All Images Available to All Customers

Posted on 3/29/2010 by Jim Pickerell | Printable Version | Comments (1)

There seems to be a misunderstanding as to why a two-tier pricing system is in the best interest of all photographers regardless of whether they currently license their work as rights-managed, traditional royalty-free or microstock. The two-tier pricing system is not just another pricing model. Its whole purpose is for all images to be made available to all customers at appropriate prices, depending on how the customer intends to use the image.

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Selling Stock is an on-line newsletter that reports on developing trends in the stock photo industry. It is updated at least twice a month. On-line subscribers receive e-mail notification whenever new stories are posted. Archives containing stories going back to late 1995 are fully available to subscribers.

Copyright © 2010 Jim Pickerell. The above article may not be copied, reproduced, excerpted or distributed in any manner without written permission from the author. All requests should be submitted to Selling Stock at 10319 Westlake Drive, Suite 162, Bethesda, MD 20817, phone 301-251-0720, e-mail: wvz@fpcubgbf.pbz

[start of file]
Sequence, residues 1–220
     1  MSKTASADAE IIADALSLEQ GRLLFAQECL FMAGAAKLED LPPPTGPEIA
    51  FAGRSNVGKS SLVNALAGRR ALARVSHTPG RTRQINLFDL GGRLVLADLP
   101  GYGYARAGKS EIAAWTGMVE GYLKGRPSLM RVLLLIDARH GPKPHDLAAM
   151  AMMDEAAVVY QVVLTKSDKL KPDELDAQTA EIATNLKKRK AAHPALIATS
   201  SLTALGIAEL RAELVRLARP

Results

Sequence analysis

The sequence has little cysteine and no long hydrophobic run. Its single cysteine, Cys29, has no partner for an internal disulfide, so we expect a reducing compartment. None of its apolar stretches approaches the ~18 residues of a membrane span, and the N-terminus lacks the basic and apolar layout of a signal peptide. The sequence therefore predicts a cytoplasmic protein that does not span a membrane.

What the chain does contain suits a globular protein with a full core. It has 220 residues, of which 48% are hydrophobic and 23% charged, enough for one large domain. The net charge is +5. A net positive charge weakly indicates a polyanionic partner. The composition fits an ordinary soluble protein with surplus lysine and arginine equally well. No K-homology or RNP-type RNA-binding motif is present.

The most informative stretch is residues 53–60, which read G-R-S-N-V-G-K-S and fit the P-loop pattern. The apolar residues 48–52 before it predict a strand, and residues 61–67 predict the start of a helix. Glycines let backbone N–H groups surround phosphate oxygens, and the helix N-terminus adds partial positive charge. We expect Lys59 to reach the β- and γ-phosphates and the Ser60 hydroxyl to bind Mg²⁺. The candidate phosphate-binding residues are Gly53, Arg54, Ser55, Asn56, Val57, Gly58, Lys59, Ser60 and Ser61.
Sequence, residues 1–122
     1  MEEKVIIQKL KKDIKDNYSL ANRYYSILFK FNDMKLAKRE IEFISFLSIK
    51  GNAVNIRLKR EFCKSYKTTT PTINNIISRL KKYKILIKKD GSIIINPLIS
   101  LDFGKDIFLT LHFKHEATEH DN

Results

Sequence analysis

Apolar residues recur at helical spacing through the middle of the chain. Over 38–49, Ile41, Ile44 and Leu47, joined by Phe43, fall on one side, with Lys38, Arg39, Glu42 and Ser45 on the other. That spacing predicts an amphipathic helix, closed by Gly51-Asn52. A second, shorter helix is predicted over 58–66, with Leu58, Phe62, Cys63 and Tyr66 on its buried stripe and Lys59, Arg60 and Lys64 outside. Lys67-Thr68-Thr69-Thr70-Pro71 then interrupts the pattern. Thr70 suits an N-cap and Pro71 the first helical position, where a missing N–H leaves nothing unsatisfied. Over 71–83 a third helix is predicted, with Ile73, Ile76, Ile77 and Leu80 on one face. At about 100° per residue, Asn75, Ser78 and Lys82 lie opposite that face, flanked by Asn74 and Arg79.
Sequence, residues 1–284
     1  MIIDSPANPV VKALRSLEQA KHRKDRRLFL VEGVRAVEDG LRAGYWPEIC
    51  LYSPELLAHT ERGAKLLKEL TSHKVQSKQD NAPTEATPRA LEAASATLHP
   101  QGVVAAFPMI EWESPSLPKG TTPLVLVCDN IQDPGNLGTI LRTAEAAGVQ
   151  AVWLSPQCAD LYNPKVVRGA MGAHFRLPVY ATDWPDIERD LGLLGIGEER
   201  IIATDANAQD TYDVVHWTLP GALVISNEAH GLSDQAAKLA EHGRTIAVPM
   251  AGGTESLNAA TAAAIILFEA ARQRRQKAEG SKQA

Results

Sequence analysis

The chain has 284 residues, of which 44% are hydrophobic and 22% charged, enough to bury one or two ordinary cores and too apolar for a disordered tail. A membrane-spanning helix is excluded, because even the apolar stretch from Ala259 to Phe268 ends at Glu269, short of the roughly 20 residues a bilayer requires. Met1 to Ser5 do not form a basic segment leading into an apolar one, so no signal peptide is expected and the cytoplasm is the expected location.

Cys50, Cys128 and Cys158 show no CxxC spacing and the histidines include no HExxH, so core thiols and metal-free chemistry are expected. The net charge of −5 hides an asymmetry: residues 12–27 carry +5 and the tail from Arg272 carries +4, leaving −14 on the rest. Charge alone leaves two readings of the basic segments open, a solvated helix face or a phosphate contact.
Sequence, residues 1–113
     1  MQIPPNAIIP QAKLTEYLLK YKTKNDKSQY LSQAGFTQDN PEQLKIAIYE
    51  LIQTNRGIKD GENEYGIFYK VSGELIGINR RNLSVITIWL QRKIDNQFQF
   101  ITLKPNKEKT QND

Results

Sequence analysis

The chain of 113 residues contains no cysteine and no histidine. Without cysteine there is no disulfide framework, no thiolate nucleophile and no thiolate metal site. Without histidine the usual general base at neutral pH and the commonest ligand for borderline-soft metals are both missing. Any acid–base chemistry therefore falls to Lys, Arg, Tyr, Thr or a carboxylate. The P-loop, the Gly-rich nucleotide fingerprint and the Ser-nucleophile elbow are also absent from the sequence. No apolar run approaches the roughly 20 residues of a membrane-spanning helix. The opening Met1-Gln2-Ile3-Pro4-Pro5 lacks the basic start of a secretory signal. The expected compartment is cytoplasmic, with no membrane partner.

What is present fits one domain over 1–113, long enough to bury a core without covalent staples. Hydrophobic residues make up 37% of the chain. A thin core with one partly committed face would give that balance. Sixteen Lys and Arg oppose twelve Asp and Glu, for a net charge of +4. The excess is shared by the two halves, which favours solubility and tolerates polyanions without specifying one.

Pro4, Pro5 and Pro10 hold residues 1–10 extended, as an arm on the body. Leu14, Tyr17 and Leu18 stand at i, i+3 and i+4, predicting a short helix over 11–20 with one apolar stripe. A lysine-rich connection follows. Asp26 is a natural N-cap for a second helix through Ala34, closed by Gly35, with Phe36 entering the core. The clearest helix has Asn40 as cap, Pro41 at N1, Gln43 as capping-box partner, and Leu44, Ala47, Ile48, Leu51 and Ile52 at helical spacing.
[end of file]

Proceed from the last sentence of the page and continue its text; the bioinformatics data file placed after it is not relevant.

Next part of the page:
Jim Pickerell is founder of, an online newsletter that publishes daily. He is also available for personal telephone consultations on pricing and other matters related to stock photography. He occasionally acts as an expert witness on matters related to stock photography. For his current curriculum vitae go to:  


  • Lester Lefkowitz Posted Mar 29, 2010
    Good idea, Jim, but in today's Wild-West climate I doubt it will work. I think a HUGE number of clients would lie about their use - a lot do already - and game the system since they can easily see the full range of prices. (My gut feeling is the low-price clients will cheat even more than the larger-budget clients.) The penalty for cheating, unfortunately, has always been "just charge the user what they should have paid in the first place." Where's the incentive not to cheat. Almost no one gets caught; why not take a chance; the penalty is less than a slap on the wrist.
    And who, sir, would police this? The agencies have laid off most of their staff except for the janitor, CEO, and head of uploads.
    Sure PictScout can crawl the web, but whose staff is going to check on all uses, and then go after hundreds, thousands of $45 misuses? If the music industry is any example, their rough-tough lawyers didn't scare too many kiddies.
    Lester Lefkowitz

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